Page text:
Exchanges freezing Bitcoin linked to ransomware and coin mixers

Cryptocurrency exchanges are increasingly freezing user accounts linked to ransomware attacks or that have sent Bitcoin to coin mixers.

A UK court has ordered Bitfinex to freeze Bitcoin worth almost a million dollars after it was linked to a ransomware extortion by blockchain detective Chainalysis.

Meanwhile Binance Singapore and Paxful are cracking down users who interact with coin mixing services that attempt to thwart efforts to trace Bitcoin.

In the ransomware case, the High Court ordered Bitfinex to hand over its Know Your Customer identifying information for the account.

The blockchain investigators traced $950,000 of Bitcoin (109.25 BTC) back to Bitfinex that had been paid by an insurance company as ransom after attackers encrypted 1000 computers and 20 servers.

You can negotiate ransoms apparently

The attackers originally demanded $1.2 million but the company negotiated the ransom down to $950,000 and received a decryption key enabling it to recover its systems after ten days work.

Some of the Bitcoin was converted into fiat, but the remaining 96 BTC was sent to an Bitfinex.

Bitfinex said in a statement:

“Bitfinex has robust systems in place to allow it to assist law enforcement authorities and litigants in cases such as this.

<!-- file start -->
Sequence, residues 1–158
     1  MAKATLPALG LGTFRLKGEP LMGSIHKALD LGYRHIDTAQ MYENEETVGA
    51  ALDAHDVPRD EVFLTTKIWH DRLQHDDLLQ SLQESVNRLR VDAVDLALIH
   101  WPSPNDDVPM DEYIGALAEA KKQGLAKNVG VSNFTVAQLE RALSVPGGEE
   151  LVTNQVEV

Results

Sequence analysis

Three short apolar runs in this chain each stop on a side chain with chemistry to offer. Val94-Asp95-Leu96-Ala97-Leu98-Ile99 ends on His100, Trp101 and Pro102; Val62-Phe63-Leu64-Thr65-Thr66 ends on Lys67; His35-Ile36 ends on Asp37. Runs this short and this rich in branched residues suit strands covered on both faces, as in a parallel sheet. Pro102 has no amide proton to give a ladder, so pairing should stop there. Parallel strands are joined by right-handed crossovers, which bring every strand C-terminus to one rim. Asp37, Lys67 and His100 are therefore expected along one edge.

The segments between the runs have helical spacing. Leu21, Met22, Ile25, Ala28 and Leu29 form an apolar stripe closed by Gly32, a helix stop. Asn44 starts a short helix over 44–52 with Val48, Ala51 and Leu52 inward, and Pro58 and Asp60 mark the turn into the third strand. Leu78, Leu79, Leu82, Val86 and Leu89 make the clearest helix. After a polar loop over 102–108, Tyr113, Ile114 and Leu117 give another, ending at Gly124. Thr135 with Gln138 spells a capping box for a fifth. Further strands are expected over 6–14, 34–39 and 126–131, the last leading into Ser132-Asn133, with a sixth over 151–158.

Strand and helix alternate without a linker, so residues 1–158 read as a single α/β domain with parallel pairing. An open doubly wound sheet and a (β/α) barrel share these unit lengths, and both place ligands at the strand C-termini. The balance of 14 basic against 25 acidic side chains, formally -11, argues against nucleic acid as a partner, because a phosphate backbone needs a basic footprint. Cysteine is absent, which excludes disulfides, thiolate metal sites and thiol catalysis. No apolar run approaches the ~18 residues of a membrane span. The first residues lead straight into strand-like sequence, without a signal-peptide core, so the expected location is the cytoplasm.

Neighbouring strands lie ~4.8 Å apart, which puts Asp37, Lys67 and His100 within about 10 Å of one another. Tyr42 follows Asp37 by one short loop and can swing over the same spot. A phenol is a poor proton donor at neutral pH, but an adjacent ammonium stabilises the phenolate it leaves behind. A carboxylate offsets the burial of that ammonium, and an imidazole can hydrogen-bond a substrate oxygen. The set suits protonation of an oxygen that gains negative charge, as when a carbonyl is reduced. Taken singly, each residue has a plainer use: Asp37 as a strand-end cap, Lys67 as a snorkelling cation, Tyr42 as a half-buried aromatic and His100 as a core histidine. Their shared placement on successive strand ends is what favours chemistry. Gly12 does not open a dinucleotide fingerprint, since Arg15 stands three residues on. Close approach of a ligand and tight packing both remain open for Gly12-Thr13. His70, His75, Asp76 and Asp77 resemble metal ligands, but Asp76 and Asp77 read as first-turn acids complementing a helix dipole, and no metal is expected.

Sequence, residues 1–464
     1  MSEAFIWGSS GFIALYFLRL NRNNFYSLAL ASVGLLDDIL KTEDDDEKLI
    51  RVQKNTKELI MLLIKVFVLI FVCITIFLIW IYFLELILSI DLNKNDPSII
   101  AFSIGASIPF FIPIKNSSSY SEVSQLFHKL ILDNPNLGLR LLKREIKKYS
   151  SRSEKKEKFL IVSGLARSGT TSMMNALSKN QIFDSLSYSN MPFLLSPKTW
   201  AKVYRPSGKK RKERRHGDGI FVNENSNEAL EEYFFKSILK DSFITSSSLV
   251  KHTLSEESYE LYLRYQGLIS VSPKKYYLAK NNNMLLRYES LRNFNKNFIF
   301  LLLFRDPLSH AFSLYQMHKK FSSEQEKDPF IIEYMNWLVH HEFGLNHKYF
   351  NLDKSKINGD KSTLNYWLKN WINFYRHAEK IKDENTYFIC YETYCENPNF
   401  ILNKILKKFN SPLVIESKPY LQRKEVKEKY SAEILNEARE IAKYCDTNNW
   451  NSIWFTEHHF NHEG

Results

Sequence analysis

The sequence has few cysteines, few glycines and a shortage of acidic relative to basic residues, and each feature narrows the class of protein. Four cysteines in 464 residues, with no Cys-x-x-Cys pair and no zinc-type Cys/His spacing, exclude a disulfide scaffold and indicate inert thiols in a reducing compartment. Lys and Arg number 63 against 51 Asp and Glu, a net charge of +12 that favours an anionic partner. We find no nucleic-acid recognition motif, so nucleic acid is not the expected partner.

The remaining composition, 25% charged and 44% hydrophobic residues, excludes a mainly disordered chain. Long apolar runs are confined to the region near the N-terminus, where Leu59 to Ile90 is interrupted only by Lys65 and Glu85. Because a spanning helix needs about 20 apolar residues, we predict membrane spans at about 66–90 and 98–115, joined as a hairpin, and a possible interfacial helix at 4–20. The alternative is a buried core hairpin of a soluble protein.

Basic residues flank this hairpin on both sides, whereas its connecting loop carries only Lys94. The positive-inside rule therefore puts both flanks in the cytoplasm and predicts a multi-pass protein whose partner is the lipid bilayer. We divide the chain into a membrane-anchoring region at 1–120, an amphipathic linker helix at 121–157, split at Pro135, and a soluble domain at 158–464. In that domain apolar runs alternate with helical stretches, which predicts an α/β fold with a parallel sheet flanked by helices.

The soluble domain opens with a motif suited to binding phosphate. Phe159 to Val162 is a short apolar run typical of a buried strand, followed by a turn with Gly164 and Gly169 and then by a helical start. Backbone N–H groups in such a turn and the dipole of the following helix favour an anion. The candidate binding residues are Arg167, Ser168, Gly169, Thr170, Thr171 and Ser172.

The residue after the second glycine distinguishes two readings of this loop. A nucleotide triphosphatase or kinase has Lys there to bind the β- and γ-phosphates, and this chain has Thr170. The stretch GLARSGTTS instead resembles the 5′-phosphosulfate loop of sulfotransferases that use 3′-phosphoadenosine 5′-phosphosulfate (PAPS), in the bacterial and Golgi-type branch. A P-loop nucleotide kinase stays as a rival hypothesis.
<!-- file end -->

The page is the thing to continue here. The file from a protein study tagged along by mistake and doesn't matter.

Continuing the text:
“We understand the focus of the Claimant’s attention is no longer on the Bitfinex platform. It now appears Bitfinex is an entirely innocent party mixed up in this wrongdoing.”

New Money Review, which broke the story, said the case was also significant as it was the first time the UK High Court had endorsed Bitcoin as property.

Exchanges cracking down on coin mixers

Exchanges are also cracking down on efforts to stymie blockchain investigations, with Paxful exchange joining Binance Singapore in restricting transactions involving coin mixing service.

Twitter user Ronald McHodled was outraged at the invasion of privacy and the restriction on mixing services, after being questioned by Paxful over a transaction he sent to a mixer and told it was not permitted.

He said he was using a mixer simply as a privacy measure before placing his Bitcoin in cold storage.

“Wtf?? Apparently you are not allowed to do what you want with your Bitcoin once you own the keys. Fortunately that’s not how Bitcoin works, but the level of chain analysis here is alarming. What is a correct response?”

It mirrors an incident at the end of last year, when Binance Singapore froze an account after the user sent funds to coin mixer Wasabi.

Coin mixing services attempt to obscure the provenance of Bitcoin by pooling Bitcoin and sending random coins back to users.

Exchanges are required to comply with regulations around money laundering and terrorism financing and the new FATF travel rule – which requires them to know the counterparty users send crypto to – is likely to see users unable to transact with coin mixing services directly from exchanges.

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